There are sometimes good and sympathetic reasons for expunging public monuments. It is scarcely surprising that, soon after Stalin's demise, the monstrous statues of him in Budapest, Prague and other Eastern European cities were toppled. Revolutions can soon make statues redundant or offensive. The equestrian statue of Louis XV which stood in the centre of what is now the Place de la Concorde in Paris was removed in 1792. Several revolutions later, during the Paris Commune of 1871, the Vendome Column--that version of Trajan's column carrying the Emperor Napoleon-- was deliberately toppled (Fig. 2). This vandalism was instigated, on grounds both political and aesthetic, by Gustave Courbet (who was eventually punished for it). Nations have sometimes been more civilised in their treatment of politically redundant statues. The Indians, for instance, have gathered a number of the monuments to former British rulers in Coronation Park in Delhi, rather than destroy distinguished works of art. The Hungarians have done something similar with their statues of Marx and Engels in Memento Park in Budapest.

But no such political imperative, and no such aesthetic sensitivity, pertains in Glasgow. There is no good reason why the 11 men and one woman monumentalised in George Square deserve demotion and exile. Two--Sir John Moore and Colin Campbell, Lord Clyde--may have been military figures, but most of the others can be regarded as progressive and public benefactors (and almost all the statues, incidentally, were paid for by public subscription). There are reforming politicians: Peel, Gladstone and James Oswald, the local MP; there is the scientist James Watt (Fig. 3), whose development of the steam engine contributed so much to the Industrial Revolution which made Glasgow great. Another scientist, Thomas Graham, made discoveries which led to modern kidney dialysis. And there are native poets: Scott, Burns and Thomas Campbell.

The statues in George Square are also mostly of great artistic distinction, several by sculptors of national fame and significance. Watt is by Sir Francis Chantrey (1781-1841) and Gladstone by Hamo Thorneycroft (1850-1925), while the figure of Sir John Moore is, in the opinion of Alexander Stoddart, Sculptor in Ordinary to the Queen in Scotland, 'the finest civic bronze ever made by John Flaxman (1755-1826)'. Other figures are by Cario Marochetti (1805-67) and by the talented Glasgow sculptor John Mossman (1817-90). As for the elevated figure of Walter Scott, this was originally modelled by John Greenshields (1792-1835), a stonemason who moved to clay modelling--a leap which, as Stoddart writes, 'commences the story of Scotland's national school of sculpture'--and completed by Alexander Handyside Ritchie (1804-70), a favourite pupil of Thorvaldesen who was 'the finest architectural sculptor that Scotland ever produced'. And all this, along with several superbly designed plinths (that under Peel was the work of the great Alexander 'Greek' Thomson) seems likely to go.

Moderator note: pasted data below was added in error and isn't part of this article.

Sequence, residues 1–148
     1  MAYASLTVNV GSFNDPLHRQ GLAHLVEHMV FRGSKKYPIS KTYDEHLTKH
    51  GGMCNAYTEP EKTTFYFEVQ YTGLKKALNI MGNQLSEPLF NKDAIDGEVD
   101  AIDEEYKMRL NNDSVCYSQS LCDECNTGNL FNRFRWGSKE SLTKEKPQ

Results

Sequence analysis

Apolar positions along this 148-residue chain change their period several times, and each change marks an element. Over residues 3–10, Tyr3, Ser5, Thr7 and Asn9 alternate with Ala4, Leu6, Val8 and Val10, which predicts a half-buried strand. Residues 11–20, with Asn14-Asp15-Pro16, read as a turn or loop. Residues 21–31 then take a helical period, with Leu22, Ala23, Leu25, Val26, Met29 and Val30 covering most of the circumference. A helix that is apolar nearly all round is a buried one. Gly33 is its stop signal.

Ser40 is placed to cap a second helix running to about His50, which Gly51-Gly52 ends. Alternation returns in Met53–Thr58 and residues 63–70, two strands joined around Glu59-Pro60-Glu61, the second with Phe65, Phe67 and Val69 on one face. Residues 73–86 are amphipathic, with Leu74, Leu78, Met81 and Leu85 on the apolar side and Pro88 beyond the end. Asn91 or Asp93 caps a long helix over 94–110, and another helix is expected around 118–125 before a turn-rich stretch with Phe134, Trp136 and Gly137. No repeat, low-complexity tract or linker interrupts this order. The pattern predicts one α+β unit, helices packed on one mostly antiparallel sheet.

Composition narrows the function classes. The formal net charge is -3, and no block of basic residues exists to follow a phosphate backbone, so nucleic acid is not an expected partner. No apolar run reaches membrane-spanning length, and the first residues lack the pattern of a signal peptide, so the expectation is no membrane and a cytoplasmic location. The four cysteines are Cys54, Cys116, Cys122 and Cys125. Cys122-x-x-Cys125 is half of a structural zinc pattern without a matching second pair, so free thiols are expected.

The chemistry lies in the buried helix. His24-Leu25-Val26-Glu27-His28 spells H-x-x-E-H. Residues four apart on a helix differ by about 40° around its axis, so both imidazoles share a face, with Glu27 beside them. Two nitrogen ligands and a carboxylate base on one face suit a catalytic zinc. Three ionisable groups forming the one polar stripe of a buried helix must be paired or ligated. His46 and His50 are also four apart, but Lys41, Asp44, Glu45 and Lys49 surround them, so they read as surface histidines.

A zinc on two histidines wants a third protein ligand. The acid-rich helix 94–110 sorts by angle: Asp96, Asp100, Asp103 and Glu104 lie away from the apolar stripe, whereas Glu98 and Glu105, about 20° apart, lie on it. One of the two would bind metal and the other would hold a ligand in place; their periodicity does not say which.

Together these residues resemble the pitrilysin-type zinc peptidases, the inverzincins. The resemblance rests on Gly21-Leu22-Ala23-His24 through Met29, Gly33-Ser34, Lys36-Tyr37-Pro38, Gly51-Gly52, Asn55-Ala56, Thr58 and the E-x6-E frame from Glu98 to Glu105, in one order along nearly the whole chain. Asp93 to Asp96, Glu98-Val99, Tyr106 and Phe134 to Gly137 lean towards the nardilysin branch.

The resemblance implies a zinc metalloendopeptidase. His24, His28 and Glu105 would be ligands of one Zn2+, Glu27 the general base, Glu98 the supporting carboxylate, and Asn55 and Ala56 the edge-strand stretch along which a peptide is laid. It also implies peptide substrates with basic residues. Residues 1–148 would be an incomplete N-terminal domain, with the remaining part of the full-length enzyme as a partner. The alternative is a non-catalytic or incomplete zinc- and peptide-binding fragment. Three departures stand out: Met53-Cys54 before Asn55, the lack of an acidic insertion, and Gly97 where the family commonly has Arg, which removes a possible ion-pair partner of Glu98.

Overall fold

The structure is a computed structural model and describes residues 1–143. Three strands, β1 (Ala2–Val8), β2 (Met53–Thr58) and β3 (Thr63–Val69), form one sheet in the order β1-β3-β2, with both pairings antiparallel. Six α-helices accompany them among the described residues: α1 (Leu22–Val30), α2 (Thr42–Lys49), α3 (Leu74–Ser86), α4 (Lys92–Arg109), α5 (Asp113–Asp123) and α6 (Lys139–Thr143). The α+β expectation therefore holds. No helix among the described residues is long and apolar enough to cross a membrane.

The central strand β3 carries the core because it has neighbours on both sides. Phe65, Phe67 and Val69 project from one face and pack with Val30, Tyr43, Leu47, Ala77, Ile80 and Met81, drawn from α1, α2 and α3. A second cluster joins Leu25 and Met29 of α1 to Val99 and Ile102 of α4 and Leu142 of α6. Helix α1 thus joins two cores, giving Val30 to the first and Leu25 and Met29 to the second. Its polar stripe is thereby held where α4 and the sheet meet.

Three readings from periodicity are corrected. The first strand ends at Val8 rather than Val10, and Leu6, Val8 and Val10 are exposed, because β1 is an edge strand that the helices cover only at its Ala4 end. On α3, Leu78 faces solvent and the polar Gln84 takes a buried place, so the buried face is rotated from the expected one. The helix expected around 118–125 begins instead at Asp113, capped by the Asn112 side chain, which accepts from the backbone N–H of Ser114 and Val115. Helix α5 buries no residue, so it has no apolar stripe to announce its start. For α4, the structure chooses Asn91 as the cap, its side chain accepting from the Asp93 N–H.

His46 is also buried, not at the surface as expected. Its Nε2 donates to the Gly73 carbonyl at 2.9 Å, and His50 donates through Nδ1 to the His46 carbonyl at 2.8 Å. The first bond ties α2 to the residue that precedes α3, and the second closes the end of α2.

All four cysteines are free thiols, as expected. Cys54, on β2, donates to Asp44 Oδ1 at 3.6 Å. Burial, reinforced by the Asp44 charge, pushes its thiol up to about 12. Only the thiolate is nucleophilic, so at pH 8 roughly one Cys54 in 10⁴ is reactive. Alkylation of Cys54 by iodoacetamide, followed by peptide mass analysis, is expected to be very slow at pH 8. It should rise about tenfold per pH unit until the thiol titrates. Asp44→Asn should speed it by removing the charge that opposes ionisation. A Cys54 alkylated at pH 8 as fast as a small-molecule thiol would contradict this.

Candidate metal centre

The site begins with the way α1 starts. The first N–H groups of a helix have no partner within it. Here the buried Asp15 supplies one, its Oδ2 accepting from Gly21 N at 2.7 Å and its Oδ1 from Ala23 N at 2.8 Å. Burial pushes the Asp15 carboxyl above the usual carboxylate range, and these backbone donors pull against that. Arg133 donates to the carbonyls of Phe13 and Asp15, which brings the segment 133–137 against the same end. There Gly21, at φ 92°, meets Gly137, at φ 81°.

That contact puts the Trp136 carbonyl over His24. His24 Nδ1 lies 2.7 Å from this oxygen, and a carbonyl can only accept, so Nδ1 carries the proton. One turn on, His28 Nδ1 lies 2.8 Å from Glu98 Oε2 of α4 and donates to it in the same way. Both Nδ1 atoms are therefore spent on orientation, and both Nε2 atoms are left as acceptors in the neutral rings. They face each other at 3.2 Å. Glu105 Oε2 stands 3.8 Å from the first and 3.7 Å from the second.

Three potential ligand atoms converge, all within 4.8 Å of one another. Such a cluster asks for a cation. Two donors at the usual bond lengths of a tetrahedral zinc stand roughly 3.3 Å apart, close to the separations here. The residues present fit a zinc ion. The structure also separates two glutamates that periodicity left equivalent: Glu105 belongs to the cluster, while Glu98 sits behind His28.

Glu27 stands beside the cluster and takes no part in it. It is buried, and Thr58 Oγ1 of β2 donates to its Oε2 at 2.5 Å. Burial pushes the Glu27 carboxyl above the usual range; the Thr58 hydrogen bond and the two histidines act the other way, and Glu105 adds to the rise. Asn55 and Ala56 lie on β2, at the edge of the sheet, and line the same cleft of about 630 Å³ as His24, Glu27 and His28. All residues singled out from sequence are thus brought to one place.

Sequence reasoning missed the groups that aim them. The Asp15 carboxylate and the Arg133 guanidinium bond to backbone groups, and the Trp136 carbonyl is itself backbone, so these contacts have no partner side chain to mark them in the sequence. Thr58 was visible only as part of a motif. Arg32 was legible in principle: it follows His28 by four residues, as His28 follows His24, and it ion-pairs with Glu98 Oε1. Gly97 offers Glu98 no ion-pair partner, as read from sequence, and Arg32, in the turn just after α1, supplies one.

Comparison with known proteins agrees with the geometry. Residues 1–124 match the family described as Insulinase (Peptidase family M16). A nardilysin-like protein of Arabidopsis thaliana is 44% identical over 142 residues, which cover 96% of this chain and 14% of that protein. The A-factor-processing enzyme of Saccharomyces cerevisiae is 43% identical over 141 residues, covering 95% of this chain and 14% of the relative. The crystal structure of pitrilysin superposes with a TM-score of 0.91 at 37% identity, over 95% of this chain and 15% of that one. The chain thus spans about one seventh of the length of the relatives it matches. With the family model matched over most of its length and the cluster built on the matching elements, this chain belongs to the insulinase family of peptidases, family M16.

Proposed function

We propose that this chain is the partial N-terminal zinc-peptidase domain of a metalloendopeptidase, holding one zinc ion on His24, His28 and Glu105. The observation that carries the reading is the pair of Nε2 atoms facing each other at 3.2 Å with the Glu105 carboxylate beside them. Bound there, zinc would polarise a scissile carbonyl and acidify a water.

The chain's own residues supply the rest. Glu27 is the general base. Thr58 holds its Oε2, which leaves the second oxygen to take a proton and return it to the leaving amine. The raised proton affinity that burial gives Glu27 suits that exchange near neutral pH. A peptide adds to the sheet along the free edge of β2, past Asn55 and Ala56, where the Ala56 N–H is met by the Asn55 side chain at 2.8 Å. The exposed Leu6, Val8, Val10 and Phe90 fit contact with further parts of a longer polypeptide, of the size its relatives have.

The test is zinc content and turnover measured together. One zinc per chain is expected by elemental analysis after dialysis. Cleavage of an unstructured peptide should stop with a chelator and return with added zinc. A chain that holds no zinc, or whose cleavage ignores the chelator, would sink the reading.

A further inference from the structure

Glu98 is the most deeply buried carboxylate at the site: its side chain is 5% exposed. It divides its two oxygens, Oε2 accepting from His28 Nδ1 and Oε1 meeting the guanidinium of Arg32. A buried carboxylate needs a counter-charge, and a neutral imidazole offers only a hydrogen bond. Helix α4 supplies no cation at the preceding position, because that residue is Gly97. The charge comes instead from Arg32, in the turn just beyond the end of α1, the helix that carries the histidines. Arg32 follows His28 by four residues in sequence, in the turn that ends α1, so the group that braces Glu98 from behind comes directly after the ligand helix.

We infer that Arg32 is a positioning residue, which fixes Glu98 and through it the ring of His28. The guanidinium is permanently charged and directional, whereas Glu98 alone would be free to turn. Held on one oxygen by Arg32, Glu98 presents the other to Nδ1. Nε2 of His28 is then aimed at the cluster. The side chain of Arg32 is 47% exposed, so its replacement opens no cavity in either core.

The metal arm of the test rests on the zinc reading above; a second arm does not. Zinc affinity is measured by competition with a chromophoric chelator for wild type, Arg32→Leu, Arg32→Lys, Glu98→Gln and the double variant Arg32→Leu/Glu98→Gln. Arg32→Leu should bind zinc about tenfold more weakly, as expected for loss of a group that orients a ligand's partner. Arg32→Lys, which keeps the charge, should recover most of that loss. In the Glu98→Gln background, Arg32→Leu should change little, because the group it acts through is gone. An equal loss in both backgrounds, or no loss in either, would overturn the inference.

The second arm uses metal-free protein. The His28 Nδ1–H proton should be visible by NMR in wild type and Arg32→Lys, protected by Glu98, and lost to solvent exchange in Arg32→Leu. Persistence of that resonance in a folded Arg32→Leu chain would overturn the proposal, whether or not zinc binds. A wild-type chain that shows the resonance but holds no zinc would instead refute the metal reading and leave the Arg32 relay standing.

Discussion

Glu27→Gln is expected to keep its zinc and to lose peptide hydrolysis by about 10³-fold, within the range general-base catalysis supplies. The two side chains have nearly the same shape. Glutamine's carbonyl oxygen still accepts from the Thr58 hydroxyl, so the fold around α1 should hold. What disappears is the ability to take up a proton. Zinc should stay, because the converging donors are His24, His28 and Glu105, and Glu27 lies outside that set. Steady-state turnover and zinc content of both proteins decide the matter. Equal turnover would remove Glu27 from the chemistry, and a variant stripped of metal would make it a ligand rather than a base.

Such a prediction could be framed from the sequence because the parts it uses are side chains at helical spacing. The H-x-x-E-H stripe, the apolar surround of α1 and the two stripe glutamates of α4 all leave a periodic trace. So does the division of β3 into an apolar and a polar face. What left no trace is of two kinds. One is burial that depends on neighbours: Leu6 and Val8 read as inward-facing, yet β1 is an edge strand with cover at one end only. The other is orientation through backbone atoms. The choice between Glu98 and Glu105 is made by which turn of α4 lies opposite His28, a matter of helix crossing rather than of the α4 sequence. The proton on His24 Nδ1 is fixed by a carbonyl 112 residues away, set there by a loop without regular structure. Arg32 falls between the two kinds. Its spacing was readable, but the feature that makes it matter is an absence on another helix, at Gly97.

This cull is being pursued hurriedly, and with virtually no public consultation, merely to ensure that the revamped square is ready in time for the Commonwealth Games being held in the city in 2014. 'These statues,' writes Stoddart, 'are the longest-standing residents of the precinct and ought not to suffer eviction on account of some devious creative initiative pursued in servility to a sports festival on the one hand, and a superannuated idea of civic-design progress on the other'.

Ironically, Glasgow City Council's plans are also at odds with a more general resurgence of interest in 19th-century sculpture. This autumn the Yale Center for British Art in New Haven is mounting a major exhibition of Victorian sculpture (which will later travel to Tare in London) not only to highlight its 'vibrancy and inventiveness' but to 'demonstrate its political and cultural importance, both within Britain and internationally'. And one of the finest expressions of that is what Glasgow has--and may be about to lose--in George Square.
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Author:Stamp, Gavin
Geographic Code:4EUUK
Date:Feb 1, 2013